UBC Theses and Dissertations
DNA:RNA hybrid genome-wide profiling and links to genomic instability Chan, Yujia Alina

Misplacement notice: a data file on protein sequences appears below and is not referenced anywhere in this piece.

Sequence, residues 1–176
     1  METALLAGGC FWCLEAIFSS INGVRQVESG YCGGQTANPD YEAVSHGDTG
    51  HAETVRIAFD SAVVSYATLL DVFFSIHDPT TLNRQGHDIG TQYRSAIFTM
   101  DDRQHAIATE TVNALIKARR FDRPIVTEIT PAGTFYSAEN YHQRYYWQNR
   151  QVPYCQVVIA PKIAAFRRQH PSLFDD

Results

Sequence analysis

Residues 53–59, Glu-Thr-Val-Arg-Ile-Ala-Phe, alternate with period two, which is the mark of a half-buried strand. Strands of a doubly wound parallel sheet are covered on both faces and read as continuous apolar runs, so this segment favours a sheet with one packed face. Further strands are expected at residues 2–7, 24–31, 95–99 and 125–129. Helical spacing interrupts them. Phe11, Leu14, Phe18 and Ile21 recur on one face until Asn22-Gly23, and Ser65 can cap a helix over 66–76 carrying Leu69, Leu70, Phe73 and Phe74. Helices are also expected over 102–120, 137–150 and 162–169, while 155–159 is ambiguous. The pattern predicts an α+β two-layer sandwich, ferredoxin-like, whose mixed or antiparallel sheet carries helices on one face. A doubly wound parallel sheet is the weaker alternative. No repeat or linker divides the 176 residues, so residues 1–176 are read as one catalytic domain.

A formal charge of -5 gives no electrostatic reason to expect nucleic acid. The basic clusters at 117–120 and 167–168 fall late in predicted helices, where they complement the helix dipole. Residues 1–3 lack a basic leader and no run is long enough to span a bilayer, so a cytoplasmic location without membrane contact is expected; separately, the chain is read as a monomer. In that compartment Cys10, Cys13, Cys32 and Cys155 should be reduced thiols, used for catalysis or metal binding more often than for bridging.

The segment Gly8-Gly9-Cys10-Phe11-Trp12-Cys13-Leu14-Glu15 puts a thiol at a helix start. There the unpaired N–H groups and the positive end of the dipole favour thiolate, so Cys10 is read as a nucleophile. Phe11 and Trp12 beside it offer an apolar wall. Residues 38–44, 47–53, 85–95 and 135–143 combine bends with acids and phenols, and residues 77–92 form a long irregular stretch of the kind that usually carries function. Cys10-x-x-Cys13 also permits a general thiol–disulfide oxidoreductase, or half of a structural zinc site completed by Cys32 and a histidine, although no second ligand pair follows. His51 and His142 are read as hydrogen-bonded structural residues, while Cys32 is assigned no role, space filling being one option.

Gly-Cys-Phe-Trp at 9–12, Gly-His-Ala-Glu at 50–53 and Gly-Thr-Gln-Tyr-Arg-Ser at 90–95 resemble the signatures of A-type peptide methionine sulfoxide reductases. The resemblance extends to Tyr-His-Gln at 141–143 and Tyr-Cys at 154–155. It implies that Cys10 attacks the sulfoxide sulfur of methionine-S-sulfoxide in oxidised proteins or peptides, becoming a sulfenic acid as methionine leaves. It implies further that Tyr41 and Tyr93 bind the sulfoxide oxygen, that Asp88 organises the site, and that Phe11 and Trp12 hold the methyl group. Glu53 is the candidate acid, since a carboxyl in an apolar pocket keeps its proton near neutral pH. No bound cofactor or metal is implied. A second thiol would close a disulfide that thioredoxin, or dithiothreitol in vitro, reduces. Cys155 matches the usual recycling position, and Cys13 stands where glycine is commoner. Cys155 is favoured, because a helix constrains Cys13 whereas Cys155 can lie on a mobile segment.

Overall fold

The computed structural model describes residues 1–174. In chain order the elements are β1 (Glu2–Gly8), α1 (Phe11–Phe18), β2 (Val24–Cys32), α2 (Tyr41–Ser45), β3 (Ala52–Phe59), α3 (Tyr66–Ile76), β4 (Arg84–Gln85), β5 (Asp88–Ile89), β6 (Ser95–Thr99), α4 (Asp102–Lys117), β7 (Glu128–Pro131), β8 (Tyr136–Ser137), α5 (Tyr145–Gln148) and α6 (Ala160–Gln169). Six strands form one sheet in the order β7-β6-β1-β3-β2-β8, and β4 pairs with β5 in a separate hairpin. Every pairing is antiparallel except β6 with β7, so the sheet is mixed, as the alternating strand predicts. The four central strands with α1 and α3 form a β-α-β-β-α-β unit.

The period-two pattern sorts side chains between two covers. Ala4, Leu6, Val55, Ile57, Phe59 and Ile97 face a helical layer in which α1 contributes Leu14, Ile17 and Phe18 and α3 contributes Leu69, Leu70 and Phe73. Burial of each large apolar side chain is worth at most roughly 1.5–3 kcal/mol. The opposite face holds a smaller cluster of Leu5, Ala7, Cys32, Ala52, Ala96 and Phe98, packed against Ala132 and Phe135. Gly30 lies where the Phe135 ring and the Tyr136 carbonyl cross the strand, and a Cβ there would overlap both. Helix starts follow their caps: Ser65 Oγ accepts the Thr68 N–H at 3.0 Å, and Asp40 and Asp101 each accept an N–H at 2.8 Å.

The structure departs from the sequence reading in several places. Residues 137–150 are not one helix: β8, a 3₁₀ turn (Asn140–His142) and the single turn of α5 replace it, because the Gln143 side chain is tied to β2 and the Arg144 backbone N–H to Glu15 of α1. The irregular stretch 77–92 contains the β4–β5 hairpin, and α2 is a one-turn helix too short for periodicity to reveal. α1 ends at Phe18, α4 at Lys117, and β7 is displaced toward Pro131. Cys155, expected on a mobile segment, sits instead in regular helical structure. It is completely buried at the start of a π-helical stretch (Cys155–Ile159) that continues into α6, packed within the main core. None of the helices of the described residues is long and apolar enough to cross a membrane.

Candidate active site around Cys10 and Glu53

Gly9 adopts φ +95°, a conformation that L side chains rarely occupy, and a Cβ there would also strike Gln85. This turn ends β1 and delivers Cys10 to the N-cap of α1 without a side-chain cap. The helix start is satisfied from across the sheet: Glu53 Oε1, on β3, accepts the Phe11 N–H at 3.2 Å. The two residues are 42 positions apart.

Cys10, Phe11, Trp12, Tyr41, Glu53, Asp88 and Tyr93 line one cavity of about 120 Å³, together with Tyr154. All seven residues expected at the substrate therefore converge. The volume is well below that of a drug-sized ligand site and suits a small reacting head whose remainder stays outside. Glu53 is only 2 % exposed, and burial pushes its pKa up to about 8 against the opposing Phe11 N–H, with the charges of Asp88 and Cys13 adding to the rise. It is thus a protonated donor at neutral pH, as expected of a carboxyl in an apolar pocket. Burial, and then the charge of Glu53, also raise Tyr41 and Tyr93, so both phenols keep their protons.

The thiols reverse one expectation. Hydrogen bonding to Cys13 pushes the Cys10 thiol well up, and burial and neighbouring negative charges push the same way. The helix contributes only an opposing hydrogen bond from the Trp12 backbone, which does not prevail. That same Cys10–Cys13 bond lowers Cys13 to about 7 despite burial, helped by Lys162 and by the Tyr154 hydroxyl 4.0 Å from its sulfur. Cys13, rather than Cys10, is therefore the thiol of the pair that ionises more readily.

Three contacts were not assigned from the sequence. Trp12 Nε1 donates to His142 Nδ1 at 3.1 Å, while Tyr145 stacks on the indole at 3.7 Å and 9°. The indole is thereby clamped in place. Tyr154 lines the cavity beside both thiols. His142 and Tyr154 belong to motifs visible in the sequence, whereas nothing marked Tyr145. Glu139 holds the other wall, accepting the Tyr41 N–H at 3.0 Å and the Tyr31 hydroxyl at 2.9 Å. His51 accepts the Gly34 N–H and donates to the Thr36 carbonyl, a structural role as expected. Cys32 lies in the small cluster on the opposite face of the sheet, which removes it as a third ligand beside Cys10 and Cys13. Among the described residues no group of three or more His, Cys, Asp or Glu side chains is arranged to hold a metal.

DNA:RNA hybrid formation is emerging as a significant cause of genomic instability in biological systems ranging from bacteria to mammals. However, the scope of cellular pathways that prevent DNA:RNA hybrids and the genomic loci prone to hybrid formation are unclear. In Saccharomyces cerevisiae, DNA:RNA hybrids were found to be prevalent in various RNA processing, DNA repair and kinetochore mutants. In particular, mRNA cleavage and polyadenylation factors were demonstrated to maintain genome integrity by preventing transcription-dependent DNA:RNA hybrid formation. Genome-wide profiling of DNA:RNA hybrids showed that highly transcribed genes are prone to hybrid formation in the absence of hybrid-mitigating enzymes. Furthermore, the hybrid profiles highlight various genetic features prone to hybrid formation and suggest potential functions for DNA:RNA hybrids in antisense transcription regulation. Together, these findings elucidate previously unrecognized pathways that mitigate DNA:RNA hybrid formation as well as the characteristics of hybrid prone genomic regions.
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